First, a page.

At the time, I didn’t get the fuss over Purple Rain movie — it was cool to see parts of the Twin Cities on the big screen, but I thought the acting was stilted and the story kind of boring.

    I got into a rare argument with a girlfriend who didn’t want to dance to “1999” at a college house party.

    A guy I knew in college played keyboards once in awhile for the local R&B band Flyte Tyme, which became The Time, and he knew Prince. Early on it seemed to be a very fluid band . . . and they seemed to have lost his number when they got big.

    My two favorite Prince songs are:
    I Wanna Be Your Lover
    Sign ‘O’ the Times

  6. Assorted thoughts –

    * why am I not surprised by Mr. Mod’s comments?
    * thanks, Geo, for the listen to Oliver’s House. You first brought that to my attention more years ago than seems possible (32 years!) and I haven’t heard it in far too many as well.
    * was there ever an artist more in need of an editor? I read the other day that there are hundreds, maybe even thousands of unreleased songs in the vault. I shudder to think what his heirs will inflict on the world. Maybe if we are lucky, since he died intestate, that will be delayed to after I’m gone as well.

  7. Has anyone else been stunned by the level of attention Prince’s death has received? Not that it shouldn’t be a big deal but I wouldn’t have predicted that it would be this big. Even The New Yorker dedicated a cover to it. It seems to me that this is a bigger media spectacle than David Bowie and I was floored by that.

    I just returned from 10 days in New Orleans. A music filled vacation with the Jazz & Blues Fest and 3 days in cajun country. There were a lotta, lotta Prince tributes at the Fest.

    There was Lennon and Sinatra and Michael Jackson and now these two. I can’t think of any other musical deaths at this level.

    Who is left to receive this kind of attention when they die? McCartney and Dylan for sure. Would Jagger warrant this?

  8. Jazzfest — never been but I’d sure like to go . . . nice.

    I have to admit, I was surprised at all the Prince coverage at first, but when you think about the demographic of writers, editors, and social media types right now — this is way more in their wheelhouse than Bowie, Haggard, or Frey.

    Somebody said that Michael Jackson and Prince were the type of guys who were not meant to get old, and that’s a key to the coverage too. Die (relatively) young, stay pretty. When Jagger et al give up the ghost at ripe old ages, it will be a big deal, but not as gut-wrenching as this for a big swath of people.

    I also think that people are digging into the Prince catalog and getting kind of blown away by all the good stuff — both the hits, familiar tracks, and more obscure stuff.

    I’ve been cranking up some old faves — When You Were Mine, Let’s Pretend We’re Married, Controversy, Partyup, I Would Die 4 U — and someone reminded me of the club staple Erotic City, which is just sick.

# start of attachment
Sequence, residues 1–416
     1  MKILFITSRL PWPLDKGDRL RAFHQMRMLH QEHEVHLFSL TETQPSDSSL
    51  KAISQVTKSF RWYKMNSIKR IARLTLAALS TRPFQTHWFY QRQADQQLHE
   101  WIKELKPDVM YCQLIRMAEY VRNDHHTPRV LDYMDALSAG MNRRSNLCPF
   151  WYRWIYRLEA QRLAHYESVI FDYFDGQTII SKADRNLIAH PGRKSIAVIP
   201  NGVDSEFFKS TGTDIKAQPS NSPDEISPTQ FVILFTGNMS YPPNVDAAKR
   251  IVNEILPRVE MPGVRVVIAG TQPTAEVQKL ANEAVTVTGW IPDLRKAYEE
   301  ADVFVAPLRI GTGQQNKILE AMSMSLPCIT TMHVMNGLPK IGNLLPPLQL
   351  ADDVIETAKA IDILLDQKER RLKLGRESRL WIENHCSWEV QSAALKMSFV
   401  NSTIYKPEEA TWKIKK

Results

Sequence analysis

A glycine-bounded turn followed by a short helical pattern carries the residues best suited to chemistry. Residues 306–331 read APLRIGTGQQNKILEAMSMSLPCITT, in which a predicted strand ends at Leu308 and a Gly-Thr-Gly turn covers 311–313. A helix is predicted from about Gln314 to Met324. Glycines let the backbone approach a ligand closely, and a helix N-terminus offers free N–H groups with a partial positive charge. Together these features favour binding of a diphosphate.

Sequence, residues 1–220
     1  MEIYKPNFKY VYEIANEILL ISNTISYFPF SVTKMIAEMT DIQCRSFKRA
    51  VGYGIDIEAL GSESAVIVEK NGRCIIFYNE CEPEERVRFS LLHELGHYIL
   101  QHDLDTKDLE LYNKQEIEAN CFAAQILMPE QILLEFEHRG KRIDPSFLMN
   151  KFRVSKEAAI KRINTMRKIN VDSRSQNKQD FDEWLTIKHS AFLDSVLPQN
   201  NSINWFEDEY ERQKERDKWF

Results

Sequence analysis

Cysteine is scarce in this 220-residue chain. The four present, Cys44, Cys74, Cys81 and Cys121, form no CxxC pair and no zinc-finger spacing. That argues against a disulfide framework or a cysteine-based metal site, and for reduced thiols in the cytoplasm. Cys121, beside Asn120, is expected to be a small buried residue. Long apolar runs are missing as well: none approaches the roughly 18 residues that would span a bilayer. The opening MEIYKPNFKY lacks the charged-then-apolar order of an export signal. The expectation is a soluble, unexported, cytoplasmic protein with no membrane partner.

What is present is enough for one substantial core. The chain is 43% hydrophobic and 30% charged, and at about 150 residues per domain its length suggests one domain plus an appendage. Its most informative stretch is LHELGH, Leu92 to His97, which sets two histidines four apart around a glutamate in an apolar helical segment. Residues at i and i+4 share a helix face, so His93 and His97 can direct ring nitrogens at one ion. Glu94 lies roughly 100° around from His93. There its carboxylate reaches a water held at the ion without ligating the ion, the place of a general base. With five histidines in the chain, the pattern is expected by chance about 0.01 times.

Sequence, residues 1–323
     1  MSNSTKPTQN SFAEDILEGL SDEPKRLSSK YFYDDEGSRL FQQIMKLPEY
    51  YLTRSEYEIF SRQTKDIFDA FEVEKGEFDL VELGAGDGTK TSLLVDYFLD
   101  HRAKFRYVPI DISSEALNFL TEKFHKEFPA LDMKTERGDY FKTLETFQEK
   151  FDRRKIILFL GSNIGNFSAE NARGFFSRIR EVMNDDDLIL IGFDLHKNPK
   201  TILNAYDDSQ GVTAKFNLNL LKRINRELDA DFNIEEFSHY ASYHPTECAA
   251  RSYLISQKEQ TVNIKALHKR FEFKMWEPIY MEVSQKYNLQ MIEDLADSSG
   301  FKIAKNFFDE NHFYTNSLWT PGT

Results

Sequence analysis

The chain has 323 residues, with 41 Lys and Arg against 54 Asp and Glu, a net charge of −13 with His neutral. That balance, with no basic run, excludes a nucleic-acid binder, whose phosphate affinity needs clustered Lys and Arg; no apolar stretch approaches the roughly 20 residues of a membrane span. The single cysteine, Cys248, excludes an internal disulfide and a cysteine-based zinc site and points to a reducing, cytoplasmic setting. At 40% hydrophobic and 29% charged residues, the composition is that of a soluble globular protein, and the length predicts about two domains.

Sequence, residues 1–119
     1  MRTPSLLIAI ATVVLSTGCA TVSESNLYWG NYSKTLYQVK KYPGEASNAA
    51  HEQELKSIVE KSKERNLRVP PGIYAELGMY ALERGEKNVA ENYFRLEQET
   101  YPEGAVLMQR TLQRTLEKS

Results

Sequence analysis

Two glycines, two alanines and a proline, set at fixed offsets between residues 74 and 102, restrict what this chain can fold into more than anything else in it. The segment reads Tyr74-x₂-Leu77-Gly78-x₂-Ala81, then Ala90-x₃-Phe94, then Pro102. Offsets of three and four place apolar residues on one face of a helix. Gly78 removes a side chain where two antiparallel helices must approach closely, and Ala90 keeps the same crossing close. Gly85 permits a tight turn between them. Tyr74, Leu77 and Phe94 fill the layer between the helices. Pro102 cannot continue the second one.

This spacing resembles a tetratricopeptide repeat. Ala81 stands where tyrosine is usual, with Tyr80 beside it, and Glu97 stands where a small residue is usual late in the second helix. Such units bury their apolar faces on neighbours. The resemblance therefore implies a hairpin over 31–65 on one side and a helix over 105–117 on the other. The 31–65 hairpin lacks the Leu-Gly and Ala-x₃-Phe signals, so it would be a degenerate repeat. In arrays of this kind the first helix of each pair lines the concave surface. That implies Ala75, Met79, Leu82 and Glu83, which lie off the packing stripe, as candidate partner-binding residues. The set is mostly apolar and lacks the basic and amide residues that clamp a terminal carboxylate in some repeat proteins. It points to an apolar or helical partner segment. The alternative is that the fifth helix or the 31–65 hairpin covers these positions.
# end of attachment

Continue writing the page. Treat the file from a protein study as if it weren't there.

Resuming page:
Prince was on a bit of comeback with the Baltimore activism, a nice new band, a good record last year by a protege Judith Hill, and his shocking death hits a lot people pretty hard.

  9. ladymisskirroyale

    I don’t know an entire album of his, but I enjoy so many of his songs. The man’s music was out everywhere. I wish I could come up with a good metaphor: I was thinking of “purple perfume wafting through…” but gave up on that purple prose.

    The man, his music and his lifestyle made a huge impact beyond his music: “The Artist Formerly Known As…” is a phrase that can be completed by folks of multiple generations, his use of glyphs, his Purpleness. I think he was under appreciated as a dancer. His ability to dance in heels rivals Ginger Rogers!

    I can’t say I was a big fan, but I enjoyed much of his music. I can say that “Under The Cherry Moon” is an atrocious movie, and one of the few I’ve ever turned off mid-way through. And “Purple Rain” is a better soundtrack than movie.

  10. BigSteve

    It goes without saying that the Mod is misguided, offbase, all wet, mostly just wrong when it comes to Prince.

  11. misterioso

    Agreed. He makes some valid points (like about the drum problem on many Prince records) but much of this critique calls to mind the emperor’s take on Mozart in Amadeus: “too many notes” https://www.youtube.com/watch?v=dCud8H7z7vU

  12. mockcarr

    I’ve got your back regarding his sound, Mod. I don’t think much of his lyrics either, even something seemingly innocuous like 1999 cites the year 200,000 as when they’re out of time. So perhaps we should have been partying like it’s 199,999.

  13. From the Mpls. StarTribune — wow!

    Prince sold what Billboard called “a staggering” 4.41 million albums from the day after his April 21 death to the chart cutoff day last Thursday.

    By comparison, David Bowie racked up 308,000 in U.S. album sales in the four days after his Jan. 10 passing. Michael Jackson sold 422,000 in the week after his death on June 25, 2009.

    Prince’s “Very Best Of” alone sold 391,000 copies, according to Nielsen Music figures — and he had 18 more albums make the Billboard 200 chart. These figures include both physical and digital (download) sales.